Essential Email Marketing Content
Everybody has at least one email box that they use frequently. It has become a very basic way of getting in touch, exchanging information, being up to date with the news, managing your subscriptions and get ads and offers that interest you. How many times have you pressed the “Subscribe to newsletter” button on a brand’s page or a business you appreciate?
Each time, you pressed it because you know that you will check your email constantly and you will get the news you want to get. But, as time goes by since that button was clicked, you also get news that you are not interested in and suddenly you stop reading that newsletter even before hitting the unsubscribe button.
- Settling on a fruitful campaign
When you own a business, things change: your interests change and you might actually be very focused on how you and your competitors choose your marketing strategies, how your newsletter looks like before releasing it and all the details you know are thought about in a campaign. A lot of work and effort is put into the email marketing campaign’s content and it’s very true that these campaigns often include discounts and special offers that help the customer, but always keep in mind that it’s not always enough to keep that user reading your emails and you need a few tricks on your sleeve. You need to learn to structure your email and choose its wording in order to create engaging content that will keep your customers interested and recommend your business to others.
- Write a relevant and engaging subject line
This will be the first thing that the recipient sees and the question on their mind is: “Why Business X sent me this message?” You will want to use a subject line that addresses a desire or a need of your customer. Give them a reason to open your email and read further. You may include the prospect of a discount, a piece of new information about your products or an interesting teaser to a new promotion: don’t write a vague subject for your email, but don’t include in it the major piece of information you are sending.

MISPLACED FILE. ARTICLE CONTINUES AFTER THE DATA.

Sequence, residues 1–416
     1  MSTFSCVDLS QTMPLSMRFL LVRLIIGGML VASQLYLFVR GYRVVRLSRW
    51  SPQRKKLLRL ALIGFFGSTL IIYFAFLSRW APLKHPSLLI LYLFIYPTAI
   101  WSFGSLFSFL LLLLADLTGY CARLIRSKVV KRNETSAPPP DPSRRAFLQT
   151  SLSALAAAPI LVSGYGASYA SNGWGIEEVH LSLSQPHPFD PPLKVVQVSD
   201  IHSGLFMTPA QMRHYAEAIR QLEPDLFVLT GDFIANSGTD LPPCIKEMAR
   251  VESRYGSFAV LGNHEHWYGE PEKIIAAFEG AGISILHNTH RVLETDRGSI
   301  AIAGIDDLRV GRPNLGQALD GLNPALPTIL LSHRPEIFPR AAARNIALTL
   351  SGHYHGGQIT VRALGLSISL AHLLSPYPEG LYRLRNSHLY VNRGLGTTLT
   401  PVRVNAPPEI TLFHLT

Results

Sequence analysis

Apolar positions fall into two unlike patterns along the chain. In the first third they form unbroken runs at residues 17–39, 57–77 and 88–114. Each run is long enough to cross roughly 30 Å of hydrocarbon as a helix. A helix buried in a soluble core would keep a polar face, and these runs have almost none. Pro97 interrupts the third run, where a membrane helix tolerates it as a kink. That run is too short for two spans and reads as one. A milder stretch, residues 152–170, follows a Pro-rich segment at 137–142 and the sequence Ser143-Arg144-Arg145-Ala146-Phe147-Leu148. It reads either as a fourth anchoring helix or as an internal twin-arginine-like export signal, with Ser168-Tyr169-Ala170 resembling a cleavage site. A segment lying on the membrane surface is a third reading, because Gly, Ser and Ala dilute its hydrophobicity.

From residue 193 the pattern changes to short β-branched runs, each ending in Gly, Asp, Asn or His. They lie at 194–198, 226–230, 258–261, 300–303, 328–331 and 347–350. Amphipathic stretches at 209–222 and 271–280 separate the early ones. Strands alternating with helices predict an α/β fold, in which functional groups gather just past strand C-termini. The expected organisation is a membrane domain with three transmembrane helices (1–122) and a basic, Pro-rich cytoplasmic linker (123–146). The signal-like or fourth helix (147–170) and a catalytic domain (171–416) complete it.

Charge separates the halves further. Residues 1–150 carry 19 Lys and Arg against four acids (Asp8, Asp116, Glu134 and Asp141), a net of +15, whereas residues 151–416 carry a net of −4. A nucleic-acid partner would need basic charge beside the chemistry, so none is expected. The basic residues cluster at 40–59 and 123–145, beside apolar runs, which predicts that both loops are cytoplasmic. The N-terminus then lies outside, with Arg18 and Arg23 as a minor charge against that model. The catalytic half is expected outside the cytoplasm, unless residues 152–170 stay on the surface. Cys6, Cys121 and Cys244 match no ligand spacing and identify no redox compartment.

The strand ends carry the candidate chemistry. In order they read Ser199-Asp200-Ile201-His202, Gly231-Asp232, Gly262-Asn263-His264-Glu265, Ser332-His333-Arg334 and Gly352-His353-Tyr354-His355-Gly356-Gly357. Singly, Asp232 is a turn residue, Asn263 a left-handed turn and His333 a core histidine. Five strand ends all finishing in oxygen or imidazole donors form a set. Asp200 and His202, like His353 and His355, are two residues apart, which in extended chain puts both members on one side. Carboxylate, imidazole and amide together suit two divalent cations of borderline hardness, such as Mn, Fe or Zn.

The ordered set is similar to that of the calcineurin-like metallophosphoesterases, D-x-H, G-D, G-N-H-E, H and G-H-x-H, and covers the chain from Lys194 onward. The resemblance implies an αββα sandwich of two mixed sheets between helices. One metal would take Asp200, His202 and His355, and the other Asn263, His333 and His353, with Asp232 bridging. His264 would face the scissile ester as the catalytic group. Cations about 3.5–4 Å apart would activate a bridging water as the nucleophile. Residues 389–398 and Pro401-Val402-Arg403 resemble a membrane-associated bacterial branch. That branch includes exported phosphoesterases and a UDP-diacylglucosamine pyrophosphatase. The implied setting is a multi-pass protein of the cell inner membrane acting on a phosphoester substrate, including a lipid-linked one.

- Keep the body of the email short and to the point
Ok, the recipient opened the email and is reading it, but don’t send the long story of your products, don’t write novels because emails are meant to be short and to the point. Don’t include fluff information, just provide the essential message in a pleasant way. Emails are read quickly, keep that in mind when choosing what to underline, what to emphasize and what to keep in small letters.
Use bullet points, strong simple words to describe what the point of the message is and don’t overwhelm the recipient with too many gimmicks and glitter – you want your customer to remember something about your email or to take action.
- Embellish your words smartly
At the previous point I was emphasizing the importance of a short and concise email, but don’t make it dull and impersonal. Yes, keep the information clean and clear, but use enticing adjectives and words that trigger emotions – appeal to the customer’s needs and wishes. For example, instead of writing “We added a strawberry flavored spray to our collection”, you can write “Feel the joy of summer and surround yourself with sweetness with our new Strawberry Spray!”
- End your email with a call to action
With email marketing, your ultimate goal is to make people buy more of your products or be aware of your brand etc. Once you got the recipient to open up his email and to read what you have to say, you need to define a clear call to action: visit our website, browse the new collection here, or click here to buy.
The way you write your email marketing content should deliver the style the customers are used to, but always deliver a new and interesting piece of information. You will be surprised at how useful email marketing still is! But it needs to be done right: you need a strategy, a goal, a vision. Don’t be afraid to ask for help. Smarter people than you can teach valuable lessons!
Author Bio: Charles Goodwin is the writer to this article. He is a regular contributor at many sites and mainly focuses on business and marketing related topics. He also writes for a site http://romax.co.uk/ offering direct mail marketing services.